China’s games freeze is officially over after new industry regulator the State Administration of Press & Publication finished reforms and approved 80 new licences.
The greenlight for these titles was given just before the turn of the year and they mark the first licences to be issued to developers following a nine-month blockade.
During this time new games were still being released - those that had already obtained their licences - but newer titles were not able to get through. There were also issues with monetisation, as Tencent for example could not monetise one of China's most popular games, PUBG Mobile.
Despite a return to China issuing licences, it may take a while to get back on track, with a large backlog of thousands of titles for the new regulator to sift through and tougher rules to follow.
You can see the list of the 80 titles to be approved here. The country’s two biggest games publishers, the Mobile Games Awards-nominatedTencent and NetEase, have not made the first batch.
A long road
China’s games licensing freeze began in March 2018. A new regulatory body was formed in the month, the previously mentioned State Administration of Press & Publication, as part of the ruling Chinese government’s plans to better monitor and control content the public gets its hands on.
No specific reasons for the drastic measures were offered at the time. The move coincided with a government crackdown by the Ministry of Culture and Tourism aimed at tackling rule breaks on the country’s app stores.
Online games portal TapTap was hit with a fine and had its services suspended temporarily for violating games publishing laws in the country. Industry insiders also told us that companies such as Tencent, Xiaomi, 360, IM30, MOKI and others were also affected.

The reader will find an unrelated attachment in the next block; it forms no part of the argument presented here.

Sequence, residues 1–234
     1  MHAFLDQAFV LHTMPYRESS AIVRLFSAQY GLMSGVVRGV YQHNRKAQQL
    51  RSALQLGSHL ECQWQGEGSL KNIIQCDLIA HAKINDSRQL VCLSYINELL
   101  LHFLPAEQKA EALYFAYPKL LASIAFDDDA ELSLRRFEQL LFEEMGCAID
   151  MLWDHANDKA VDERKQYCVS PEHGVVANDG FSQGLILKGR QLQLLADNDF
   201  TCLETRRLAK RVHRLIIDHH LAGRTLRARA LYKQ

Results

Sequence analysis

In August 2018, China’s Ministry of Education issued a notice suggesting fresh regulations for the games industry and its new regulator to follow, as part of apparent efforts to prevent myopia - near-sightedness - among children and adolescents.
Recommendations included limits on the amount of time children can play online games, the implementation of an age rating system (while one was in use, it has not been enforced), and a limit on the number of new game releases.
It’s not quite clear yet how big an impact the latter recommendation will have.
A report by China market analyst Niko Partners back in September suggested the impact may be felt most by small developers that churn out titles quickly and mah-jong and poker games.
Back in business
Just before Christmas, the news broke of the Chinese government’s intention to lift its block on new licences. The news was met with stock rises in public companies such as publishing giant Tencent, whose shares had been significantly hit by the games freeze.
PocketGamer.biz understands from multiple sources that some local media outlets in China pulled their initial stories reporting that game approvals were back on.
One rumour circulated was that some websites had published the story ahead of the government’s own official announcement and consequently had their articles pulled.
News that companies can once again launch new games will be cause for relief and jubilation for local and international developers and publishers, with China establishing itself as the world's most lucrative games market.